A ‘SENSITIVE’ CHILD IS TRYING TO TELL YOU SOMETHING

One of the most powerful tools to support children is recognizing what their sensory needs are. Like most people, I had no idea what this meant until I worked with little ones. I now realize why I always hated those itchy woolen sweaters I received as presents and why perfumes were unbearable to me as a child. 

Understanding your child’s sensitivities and sensory processing needs can bring them immense peace and security. They may lack the comprehension behind what they are feeling, as well as the capacity to articulate it to you, and then it is up to the adult to be observant about what happened that caused the child to throw a seemingly inexplicable fit.

The next time you are with your child, pay close attention if they seem to turn away, get uncomfortable or flat out have a tantrum after being exposed to any of these sensory processing systems:

·         Olfactory System (Smell):  If your child is disturbed by strong scents and/or perfumes, try being mindful of those specific scents you’ve noticed that bother them and focus on calming ones such as lavender or lemon. Note that these may also be too much and you will need to test them out and explore a bit!

·         Auditory System (Hearing):  If your child is upset by helicopters, loud music or other sudden/loud noises, some cheap earmuffs can help a lot when you know they’ll be exposed to loud situations (airports, family gatherings, amusement parks). This can be especially helpful if you child is under five.

·         Tactile System (Touch):  This type of processing can go two ways – either hyper sensitivity to touch, or the opposite, which is craving touch a lot. If your child is overly sensitive, they will avoid or feel uncomfortable when being held, and they’ll act up when presented with certain clothing or possibly refuse to wear it at all. (Please take away those itchy sweaters and pokey tags in the back of t-shirts!) Children’s boundaries (and adults’ boundaries, for that matter) change from moment to moment. A family might be accustomed to open physical affection out of love and good intentions, and they may not realize that some children don’t like this in excess. A child might need some warmup time to transition into an embrace.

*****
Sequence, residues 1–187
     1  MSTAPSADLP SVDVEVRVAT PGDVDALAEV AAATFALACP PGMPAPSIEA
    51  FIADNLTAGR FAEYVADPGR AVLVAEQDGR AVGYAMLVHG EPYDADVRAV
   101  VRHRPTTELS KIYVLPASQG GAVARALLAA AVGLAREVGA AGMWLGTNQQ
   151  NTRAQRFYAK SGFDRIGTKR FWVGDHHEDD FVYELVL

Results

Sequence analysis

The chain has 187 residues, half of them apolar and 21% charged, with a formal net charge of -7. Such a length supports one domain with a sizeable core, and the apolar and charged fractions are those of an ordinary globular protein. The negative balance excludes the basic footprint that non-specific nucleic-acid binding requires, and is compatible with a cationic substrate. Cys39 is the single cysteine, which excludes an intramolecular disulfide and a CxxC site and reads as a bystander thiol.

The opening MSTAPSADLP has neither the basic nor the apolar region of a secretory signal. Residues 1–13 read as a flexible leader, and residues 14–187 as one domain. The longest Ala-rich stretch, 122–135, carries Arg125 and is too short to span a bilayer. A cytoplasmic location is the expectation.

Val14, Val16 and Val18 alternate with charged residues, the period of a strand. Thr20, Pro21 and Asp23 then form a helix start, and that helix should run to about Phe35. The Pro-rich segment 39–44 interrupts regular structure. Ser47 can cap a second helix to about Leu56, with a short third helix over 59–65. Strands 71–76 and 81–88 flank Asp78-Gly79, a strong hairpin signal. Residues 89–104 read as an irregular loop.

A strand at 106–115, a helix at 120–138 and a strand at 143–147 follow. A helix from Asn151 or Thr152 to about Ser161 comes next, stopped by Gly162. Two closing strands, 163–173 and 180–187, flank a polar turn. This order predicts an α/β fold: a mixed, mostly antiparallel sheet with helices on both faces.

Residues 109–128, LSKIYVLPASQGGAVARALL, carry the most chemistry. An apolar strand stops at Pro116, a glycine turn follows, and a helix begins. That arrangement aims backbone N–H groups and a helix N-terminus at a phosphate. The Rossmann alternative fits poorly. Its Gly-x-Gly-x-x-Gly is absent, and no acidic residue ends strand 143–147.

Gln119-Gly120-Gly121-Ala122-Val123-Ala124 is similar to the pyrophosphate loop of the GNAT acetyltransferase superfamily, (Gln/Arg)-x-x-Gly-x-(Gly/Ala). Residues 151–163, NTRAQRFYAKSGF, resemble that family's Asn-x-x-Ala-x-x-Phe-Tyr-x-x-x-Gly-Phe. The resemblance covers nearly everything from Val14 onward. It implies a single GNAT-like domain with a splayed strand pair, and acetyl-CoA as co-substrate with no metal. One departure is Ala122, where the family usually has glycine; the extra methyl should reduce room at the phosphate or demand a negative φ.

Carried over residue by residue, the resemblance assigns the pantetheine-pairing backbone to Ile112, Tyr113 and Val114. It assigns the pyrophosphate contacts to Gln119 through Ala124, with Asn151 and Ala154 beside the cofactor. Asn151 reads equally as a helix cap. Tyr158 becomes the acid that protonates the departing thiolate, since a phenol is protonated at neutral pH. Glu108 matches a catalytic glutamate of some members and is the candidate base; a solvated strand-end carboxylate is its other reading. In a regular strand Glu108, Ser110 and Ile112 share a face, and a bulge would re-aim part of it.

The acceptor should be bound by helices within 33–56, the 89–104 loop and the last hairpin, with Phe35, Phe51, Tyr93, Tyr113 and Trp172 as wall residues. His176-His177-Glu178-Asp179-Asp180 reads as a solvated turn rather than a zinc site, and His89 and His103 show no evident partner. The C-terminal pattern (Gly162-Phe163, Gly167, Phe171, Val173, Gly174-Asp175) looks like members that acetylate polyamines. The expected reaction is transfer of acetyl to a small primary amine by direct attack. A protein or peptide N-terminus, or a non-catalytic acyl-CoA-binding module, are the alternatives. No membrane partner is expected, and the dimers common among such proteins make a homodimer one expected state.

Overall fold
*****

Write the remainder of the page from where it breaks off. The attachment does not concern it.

Knowing a parent or caretaker will always be there for them is a powerful and positive message in a child’s life, and they will love you for helping them understand and act appropriately with their sensitivities!

Want to make the most of your Holiday Season? You can sign up on my website for upcoming blogs on family, relationships and how to keep good holiday cheer going, preferably with the goal of keeping tantrums under five minutes!

 

Cheers to the most wonderful time of the year!

 

Blessings,

Silvy Khoucasian



Silvy Khoucasian

Subscribe for more blogs ... and finally make love better!

* indicates required